The Theatreguide.London Review
Actress Janet Suzman, herself a South African, has adapted Anton Chekhov's The Cherry Orchard to make it applicable to present day Africa. Suzman also stars in the play, which she codirected with Martin L. Platt, and much of the cast is made up of transplanted South Africans, black and white. Clearly this is a labour of love and dedication, and if it isn't totally successful, it still evokes some of the thought and emotion it wants to.
Chekhov's play, set almost exactly a century ago, is about a Russian aristocratic family so lost in the past that they can't come to grips with the fact that they're broke and their estate is about to be sold. Meanwhile a former peasant has moved into the new middle class, and he impulsively buys the property, symbolising the revolutionary change in Russian society.
The applicability to modern South Africa leaps out at you, and it certainly was a striking inspiration on Suzman's part to spot the possibilities of adapting the play. Chekhov's aristocrats are now liberal white South Africans, while the former peasant, the student radical and several other characters transposed from the original are black.
The African parallels are sometimes strained, but they are close enough to be evocative. For example, the fact that Leko (Jeffery Kissoon) is buying land seized from his ancestors resonates powerfully.
But Chekhov's play is primarily about the human experience; one doesn't go to it for a symbolic view of social change in 1900s Russia, but for an understanding of what these people thought and felt. By turning its implicit social comment into its main focus, Suzman has inevitably flattened it. Reduced to symbols of old and new Africa, few of the characters have any dimension, and few of the actors are able to find much reality in them.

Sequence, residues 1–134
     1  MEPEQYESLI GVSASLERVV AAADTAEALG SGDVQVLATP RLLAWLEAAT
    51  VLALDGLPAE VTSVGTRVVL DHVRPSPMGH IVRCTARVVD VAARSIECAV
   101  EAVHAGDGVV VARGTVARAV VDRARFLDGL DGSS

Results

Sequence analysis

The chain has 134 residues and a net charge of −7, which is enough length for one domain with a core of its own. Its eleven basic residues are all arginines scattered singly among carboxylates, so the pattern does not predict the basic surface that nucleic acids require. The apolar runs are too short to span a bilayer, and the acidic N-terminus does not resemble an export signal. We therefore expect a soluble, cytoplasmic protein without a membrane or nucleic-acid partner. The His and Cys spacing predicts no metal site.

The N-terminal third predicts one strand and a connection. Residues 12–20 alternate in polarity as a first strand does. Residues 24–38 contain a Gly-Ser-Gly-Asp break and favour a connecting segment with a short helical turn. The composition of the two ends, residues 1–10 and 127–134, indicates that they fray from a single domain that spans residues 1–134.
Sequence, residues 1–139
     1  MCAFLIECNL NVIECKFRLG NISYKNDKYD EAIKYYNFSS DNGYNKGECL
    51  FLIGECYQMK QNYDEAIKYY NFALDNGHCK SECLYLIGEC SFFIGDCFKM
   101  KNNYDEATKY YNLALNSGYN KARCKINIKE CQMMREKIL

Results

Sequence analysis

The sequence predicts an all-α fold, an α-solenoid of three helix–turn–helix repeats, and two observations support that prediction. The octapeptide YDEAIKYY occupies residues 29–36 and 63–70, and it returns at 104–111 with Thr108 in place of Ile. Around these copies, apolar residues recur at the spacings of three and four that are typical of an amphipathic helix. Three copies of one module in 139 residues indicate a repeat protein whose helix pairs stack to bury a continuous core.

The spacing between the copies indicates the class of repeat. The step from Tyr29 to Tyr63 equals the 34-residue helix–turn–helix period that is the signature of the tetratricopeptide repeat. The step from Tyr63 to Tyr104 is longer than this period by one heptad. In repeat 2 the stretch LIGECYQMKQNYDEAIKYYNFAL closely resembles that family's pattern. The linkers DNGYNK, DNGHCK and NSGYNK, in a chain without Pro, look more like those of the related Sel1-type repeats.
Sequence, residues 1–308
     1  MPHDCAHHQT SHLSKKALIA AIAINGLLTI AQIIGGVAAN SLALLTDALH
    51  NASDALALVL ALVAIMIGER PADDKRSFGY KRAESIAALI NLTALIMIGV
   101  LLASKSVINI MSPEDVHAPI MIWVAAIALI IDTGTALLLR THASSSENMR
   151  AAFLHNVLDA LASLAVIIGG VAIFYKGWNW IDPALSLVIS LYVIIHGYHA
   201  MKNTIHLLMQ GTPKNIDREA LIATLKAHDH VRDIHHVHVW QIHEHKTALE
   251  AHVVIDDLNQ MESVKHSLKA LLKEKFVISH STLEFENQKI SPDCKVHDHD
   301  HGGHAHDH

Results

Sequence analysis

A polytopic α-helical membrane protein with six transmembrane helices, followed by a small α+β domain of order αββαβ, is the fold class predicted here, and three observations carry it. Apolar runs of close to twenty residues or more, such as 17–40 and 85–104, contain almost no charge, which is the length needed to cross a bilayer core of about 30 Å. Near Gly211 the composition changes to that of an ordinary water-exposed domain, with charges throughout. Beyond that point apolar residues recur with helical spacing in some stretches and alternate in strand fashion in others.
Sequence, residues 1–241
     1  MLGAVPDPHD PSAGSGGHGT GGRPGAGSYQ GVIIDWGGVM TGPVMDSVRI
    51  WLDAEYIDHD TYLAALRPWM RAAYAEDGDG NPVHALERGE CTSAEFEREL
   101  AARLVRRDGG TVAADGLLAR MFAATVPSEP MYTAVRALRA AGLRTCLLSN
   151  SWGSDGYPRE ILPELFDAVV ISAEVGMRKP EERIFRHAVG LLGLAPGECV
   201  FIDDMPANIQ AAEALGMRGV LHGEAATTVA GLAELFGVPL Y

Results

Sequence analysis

Suzman herself, playing the well-meaning but blinkered heroine, finds more dignity in the character than many actresses do in Chekhov's equivalent. And Kissoon's role is enriched by the change, as sporadic flashes of racial anger give his character some depth. But Jack Klaff can do little with the role of Suzman's brother besides imbuing him with an almost unconscious racism, and the other characterisations are flat, some embarrassingly so (Turning the silly maid into a black character forces the actress to play her like Butterfly McQueen in Gone With the Wind).
In some ways Suzman's adaptation isn't ambitious enough. Characters (the clumsy neighbour, the magician-governess) and large chunks of dialogue from Chekhov that do not really serve her vision are carried over slavishly anyway, and drag the play down.
Meanwhile, too much of the overt political-social comment seems pasted onto the text rather than integrated into it. Only the last act discussion between the radical and the entrepreneur, when they discover common ground in their hopes for the future, successfully combines political analysis and human drama.
Exciting in concept, less successful in execution, The Free State plays like an early draft of a work that could be very effective some rewrites later.
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Review - The Free State - Bath 2000